This was the plan from the beginning. Sam had to make amends. On paper, he was the righteous one and Dean was the screw up, but beneath the surface Sam has had a dark streak and has constantly struggled between what was wrong and right. His addiction to demon blood is the best example of this.
There was a plan all along. The direct foreshadowing of “Swan Song” began, for me, in the Season Two episode “Houses of the Holy” where angels are mentioned for the first time. People are killing others claiming to be directed to do so by angels. Dean believes that it’s actually a spirit claiming to be an angel, whereas Sam admits that he not only believes in angels but prays everyday. The spirit/angel chooses Sam next to murder in God’s name and Sam believes the angel truly chose him to do God’s work. Dean, however, is adamant that angels don’t exist and there must be another explanation. Dean only believes in what he can see. His mother told him every night that angels were watching over him, but this couldn’t have been true since she was brutally murdered by a demon. It turns out that in this instance Dean is (mostly) right, there was no angel, only the spirit of a murdered priest who truly thought he was doing God’s work. (It’s also worth noting that in this episode even the Archangel Michael is first mentioned by a priest explaining a stained glass window.)
“Born Under a Bad Sign”, a few episodes later, also directly foreshadows “Swan Song.” Sam is possessed by the scorned demon Meg. Dean doesn’t realize right away that Sam is possessed. Meg is able to convince Dean that Sam has blacked out and lost time and during this blackout killed a fellow hunter. Dean knows that it wasn’t Sam but doesn’t initially make the connection that he is possessed. Meg, pretending to be Sam, begs Dean to kill him to stop him from hurting anyone else. Dean tells Sam, “I’d rather die.” This theme carries on throughout the series. Ever since the death of their mother, the main mission in Dean’s life has been protecting his younger brother no matter what the cost. (Extremely similar to Buffy’s irrational protection of Dawn in Season Five of Buffy the Vampire Slayer.) This protection of Sam is part of why he refuses to be Michael’s vessel, and is so adamant against Sam allowing himself to be Lucifer’s vessel.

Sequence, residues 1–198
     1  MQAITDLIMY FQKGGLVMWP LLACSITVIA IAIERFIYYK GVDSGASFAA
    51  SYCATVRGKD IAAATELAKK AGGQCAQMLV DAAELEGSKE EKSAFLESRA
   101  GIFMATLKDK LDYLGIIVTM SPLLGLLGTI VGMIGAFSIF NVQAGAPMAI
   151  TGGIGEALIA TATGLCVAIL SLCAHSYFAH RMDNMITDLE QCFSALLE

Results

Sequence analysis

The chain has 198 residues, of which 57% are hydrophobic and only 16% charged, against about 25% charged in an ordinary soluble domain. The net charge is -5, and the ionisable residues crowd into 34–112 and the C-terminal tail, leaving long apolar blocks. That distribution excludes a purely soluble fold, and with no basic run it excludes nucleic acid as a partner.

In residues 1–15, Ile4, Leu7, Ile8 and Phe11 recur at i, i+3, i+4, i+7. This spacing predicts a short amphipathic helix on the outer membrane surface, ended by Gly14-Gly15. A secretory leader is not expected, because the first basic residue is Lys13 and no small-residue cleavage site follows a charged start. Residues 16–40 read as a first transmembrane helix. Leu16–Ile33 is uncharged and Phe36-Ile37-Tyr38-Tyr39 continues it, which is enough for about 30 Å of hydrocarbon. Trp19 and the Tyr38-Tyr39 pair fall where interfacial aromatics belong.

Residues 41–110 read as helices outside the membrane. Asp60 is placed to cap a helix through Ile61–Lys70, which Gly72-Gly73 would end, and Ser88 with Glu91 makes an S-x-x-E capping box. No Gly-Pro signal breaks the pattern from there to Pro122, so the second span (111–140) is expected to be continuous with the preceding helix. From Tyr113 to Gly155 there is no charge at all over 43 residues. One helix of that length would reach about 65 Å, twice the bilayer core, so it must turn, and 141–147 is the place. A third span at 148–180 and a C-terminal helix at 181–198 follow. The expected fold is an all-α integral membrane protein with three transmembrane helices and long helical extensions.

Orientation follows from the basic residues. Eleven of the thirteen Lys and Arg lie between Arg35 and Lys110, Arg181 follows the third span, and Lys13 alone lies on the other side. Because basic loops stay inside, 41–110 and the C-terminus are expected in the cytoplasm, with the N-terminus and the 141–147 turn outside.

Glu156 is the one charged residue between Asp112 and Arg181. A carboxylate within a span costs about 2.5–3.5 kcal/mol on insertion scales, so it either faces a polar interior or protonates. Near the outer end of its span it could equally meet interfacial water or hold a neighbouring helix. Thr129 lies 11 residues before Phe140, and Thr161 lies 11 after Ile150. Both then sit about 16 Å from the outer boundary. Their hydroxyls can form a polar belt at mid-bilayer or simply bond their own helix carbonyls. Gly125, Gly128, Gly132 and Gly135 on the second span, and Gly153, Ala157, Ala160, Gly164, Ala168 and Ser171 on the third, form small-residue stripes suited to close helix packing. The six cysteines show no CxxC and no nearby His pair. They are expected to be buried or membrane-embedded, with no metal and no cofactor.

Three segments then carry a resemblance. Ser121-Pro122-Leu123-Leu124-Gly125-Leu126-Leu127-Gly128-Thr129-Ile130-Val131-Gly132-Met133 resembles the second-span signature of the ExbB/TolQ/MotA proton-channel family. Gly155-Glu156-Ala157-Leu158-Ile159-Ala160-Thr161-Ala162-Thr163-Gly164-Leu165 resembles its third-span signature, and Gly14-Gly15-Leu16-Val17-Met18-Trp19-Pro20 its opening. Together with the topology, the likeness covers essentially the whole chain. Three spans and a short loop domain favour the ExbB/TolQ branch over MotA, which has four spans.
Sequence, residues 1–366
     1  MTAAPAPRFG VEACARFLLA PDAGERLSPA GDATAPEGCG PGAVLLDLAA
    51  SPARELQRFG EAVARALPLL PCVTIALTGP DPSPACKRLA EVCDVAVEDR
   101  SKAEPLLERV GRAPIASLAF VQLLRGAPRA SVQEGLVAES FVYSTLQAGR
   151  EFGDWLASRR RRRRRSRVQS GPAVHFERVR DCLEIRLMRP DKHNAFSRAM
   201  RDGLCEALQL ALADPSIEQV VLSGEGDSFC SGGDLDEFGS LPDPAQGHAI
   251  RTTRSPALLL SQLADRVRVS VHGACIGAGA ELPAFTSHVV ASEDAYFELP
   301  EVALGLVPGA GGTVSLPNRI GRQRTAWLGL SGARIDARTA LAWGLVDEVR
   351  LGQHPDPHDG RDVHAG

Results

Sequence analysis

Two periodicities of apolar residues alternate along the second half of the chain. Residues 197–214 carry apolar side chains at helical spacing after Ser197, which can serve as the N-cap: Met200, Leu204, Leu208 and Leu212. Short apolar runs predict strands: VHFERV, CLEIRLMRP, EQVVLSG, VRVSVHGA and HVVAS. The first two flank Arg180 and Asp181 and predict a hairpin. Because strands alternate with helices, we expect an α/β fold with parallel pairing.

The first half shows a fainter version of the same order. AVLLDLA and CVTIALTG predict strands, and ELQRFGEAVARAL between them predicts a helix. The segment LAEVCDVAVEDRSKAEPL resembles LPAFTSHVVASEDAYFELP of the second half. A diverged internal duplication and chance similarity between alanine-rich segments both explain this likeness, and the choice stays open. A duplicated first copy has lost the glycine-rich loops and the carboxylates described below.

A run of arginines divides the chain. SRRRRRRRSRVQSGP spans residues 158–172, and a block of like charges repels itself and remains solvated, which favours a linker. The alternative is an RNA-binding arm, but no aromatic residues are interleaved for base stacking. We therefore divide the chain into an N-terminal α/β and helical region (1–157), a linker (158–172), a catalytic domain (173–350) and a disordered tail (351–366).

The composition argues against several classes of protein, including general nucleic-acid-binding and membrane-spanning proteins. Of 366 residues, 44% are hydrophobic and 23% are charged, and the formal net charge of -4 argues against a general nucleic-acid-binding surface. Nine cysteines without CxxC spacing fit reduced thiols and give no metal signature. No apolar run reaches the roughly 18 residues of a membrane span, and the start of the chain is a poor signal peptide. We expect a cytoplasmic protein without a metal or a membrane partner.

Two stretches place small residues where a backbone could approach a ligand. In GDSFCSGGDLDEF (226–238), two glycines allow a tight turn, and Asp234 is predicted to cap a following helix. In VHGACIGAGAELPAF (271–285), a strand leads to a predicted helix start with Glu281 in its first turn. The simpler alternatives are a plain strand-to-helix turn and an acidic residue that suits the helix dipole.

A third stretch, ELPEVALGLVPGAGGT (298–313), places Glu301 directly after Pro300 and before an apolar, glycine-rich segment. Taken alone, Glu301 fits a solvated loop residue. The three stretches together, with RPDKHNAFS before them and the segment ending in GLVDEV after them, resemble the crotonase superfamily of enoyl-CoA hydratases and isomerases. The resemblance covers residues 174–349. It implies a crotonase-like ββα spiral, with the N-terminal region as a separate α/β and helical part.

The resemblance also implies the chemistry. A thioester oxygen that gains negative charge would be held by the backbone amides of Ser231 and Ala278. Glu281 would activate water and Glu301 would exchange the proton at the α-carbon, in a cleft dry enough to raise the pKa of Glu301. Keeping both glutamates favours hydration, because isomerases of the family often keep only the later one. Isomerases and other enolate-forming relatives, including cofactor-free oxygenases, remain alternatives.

“Swan Song” truly should have been what the title promised. The CW has ordered a sixth season, without creator Eric Kripke on board and after the resolution of the series. “Swan Song” was what it was all about, all it was leading up to. How can the series possibly move forward and maintain it’s integrity? Sam had to die. It was meant to happen. Dean already messed with the universe by bringing Sam back once. Yet, according to Entertainment Weekly in Season Six Sam will have “escaped from hell.” Really? We already had one brother do that. I’ll still be watching, but anything moving forward will feel like an Epilogue. Sam sacrificed himself for the world, and Dean is finally able to have a family of his own and the normal, happy life that goes along with it. Happily Ever After.
Below: The awesome promo for “Swan Song”